CPF claims must be filed no more than five years from the time the claimant knew, or should have known, of the lawyer's dishonest conduct. The Trustees, in their sole discretion, may consider claims filed after the time limit has expired.
What happens after I file my claim?
The Fund Administrator will review your claim. If additional information is needed, you will be asked for it in writing. When all of the necessary documentation is submitted, the Administrator will investigate your claim and determine if it is is eligible for consideration.
- If the Fund Administrator determines that the claim is not eligible for consideration, you will be notified in writing. You then have 30 days to request reconsideration. All requests will be forwarded to the Board of Trustees for reconsideration. If the Trustees deny your claim, you will be notified in writing. That decision is final and there is no further appeal process.
- If the Fund Administrator determines that your claim is eligible for consideration, a notice of claim and a copy of your claim will be sent to the lawyer, who is allowed 30 days to respond. If the lawyer submits a response, a copy will be sent to both you and the Trustees. Your claim will then be scheduled for consideration at a future board meeting.
- If the Trustees vote to pay your claim, and certain conditions apply as described below, then the Fund will issue a check to you. The certain conditions are that the lawyer must have been, for at least six months, dead, disbarred, on disability inactive status, suspended for longer than six months, placed on interim suspension, or convicted of a felony arising out of the facts alleged in your claim. If your claim has been approved, but is not yet eligible for payment, payment will be held until one of the events listed above occurs.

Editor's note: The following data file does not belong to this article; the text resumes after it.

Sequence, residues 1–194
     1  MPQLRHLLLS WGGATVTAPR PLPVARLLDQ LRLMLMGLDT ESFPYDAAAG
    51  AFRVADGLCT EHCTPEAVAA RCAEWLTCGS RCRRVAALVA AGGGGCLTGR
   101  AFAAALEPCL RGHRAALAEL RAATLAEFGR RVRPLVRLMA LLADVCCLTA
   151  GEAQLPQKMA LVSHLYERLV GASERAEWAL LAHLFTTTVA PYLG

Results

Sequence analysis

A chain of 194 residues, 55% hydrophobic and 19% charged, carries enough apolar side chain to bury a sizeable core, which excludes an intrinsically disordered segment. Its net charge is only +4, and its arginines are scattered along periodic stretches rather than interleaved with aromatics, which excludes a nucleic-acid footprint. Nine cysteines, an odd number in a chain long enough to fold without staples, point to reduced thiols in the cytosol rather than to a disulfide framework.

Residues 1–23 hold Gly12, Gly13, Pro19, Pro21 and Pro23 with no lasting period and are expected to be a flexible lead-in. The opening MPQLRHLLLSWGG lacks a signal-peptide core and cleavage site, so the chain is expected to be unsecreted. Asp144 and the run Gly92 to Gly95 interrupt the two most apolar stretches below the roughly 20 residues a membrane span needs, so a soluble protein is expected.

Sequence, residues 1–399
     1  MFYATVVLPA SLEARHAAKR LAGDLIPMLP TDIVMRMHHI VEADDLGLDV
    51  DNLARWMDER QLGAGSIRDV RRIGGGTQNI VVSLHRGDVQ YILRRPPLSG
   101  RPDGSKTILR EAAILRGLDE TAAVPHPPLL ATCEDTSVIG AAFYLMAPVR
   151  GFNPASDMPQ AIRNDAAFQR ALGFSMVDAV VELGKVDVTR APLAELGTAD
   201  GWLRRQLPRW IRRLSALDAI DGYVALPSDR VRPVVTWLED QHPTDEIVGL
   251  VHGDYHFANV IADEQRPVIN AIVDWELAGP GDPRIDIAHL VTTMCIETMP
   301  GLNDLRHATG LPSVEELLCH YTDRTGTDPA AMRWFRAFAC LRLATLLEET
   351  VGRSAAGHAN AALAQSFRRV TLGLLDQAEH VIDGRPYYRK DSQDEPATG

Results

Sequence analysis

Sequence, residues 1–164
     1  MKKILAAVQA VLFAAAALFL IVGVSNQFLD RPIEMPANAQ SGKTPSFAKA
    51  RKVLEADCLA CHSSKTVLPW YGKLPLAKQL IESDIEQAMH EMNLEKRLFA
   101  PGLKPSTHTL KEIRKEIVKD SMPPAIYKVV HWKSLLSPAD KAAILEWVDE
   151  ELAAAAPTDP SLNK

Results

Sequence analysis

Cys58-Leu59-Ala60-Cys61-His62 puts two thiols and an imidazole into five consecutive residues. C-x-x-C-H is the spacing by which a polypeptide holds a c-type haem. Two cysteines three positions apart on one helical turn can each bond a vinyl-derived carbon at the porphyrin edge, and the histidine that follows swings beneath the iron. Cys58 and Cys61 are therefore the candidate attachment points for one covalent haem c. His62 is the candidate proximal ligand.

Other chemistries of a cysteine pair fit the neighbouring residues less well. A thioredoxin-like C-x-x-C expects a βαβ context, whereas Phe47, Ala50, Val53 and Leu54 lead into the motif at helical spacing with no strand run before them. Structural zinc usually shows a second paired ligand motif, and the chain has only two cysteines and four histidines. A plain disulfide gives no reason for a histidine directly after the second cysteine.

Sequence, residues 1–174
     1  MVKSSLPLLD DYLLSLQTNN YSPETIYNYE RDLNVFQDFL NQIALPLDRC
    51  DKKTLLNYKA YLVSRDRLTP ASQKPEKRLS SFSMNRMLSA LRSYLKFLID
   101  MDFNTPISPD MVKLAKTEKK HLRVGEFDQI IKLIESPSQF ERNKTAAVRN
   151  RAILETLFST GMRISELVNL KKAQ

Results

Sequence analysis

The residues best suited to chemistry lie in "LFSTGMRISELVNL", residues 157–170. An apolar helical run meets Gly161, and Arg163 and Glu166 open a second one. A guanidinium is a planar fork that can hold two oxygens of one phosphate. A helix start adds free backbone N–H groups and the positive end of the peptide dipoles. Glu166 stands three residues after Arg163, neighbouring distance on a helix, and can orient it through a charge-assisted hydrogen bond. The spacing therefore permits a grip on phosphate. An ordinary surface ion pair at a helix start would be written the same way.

- If the Trustees deny your claim, you will be notified in writing and given an opportunity to request reconsideration. If you do submit a Request for Reconsideration, it will be forwarded to the Board of Trustees for consideration at a future Trustee meeting. If the Trustees deny your claim, you will be notified in writing. That decision is final and there is no further appeal process.
How long will it take to process my claim?
Processing a claim may take approximately six months to a year, or more, due to the eligibility requirements, investigation process, or the status of any discipline proceedings against the lawyer.
May I file charges with any other entities?
- Claimants should call the State Bar's Attorney Consumer Assistance Program ("A/CAP") at 602.340.7280 for more information about filing disciplinary complaints against lawyers.
- If your lawyer has died, you may be able to file a claim against the lawyer's estate. Please contact the Clerk of the Superior Court for your county or the county in which the lawyer worked and ask if a probate matter filed in the lawyer's name. The clerk's office also can help you to obtain the forms you need to file a claim against the lawyer's estate.
NOTE: Not filing a claim against the lawyer's estate will not automatically disqualify your Client Protection Fund claim, but the Trustees prefer claimants attempt to recover their loss from any other reasonable sources before filing a claim with the Fund.
- Persons involved in a fee dispute with a lawyer may contact the State Bar's Fee Arbitration Program at 602.340.7379.
- Claimants may also contact the Arizona Attorney General's Office at 602.542.5025 in Phoenix, or 520.628.6504 in Tucson.
- Claimants may have other options, and may wish to consult with a lawyer to determine what course of action to take.
For more information about the Client Protection Fund, please contact:
Karen Weigand, Client Protection Fund Administrator
Download the Fund's Claim for Relief form and Declaration of Trust in English.
Download the Fund's Claim for Relief form in Spanish.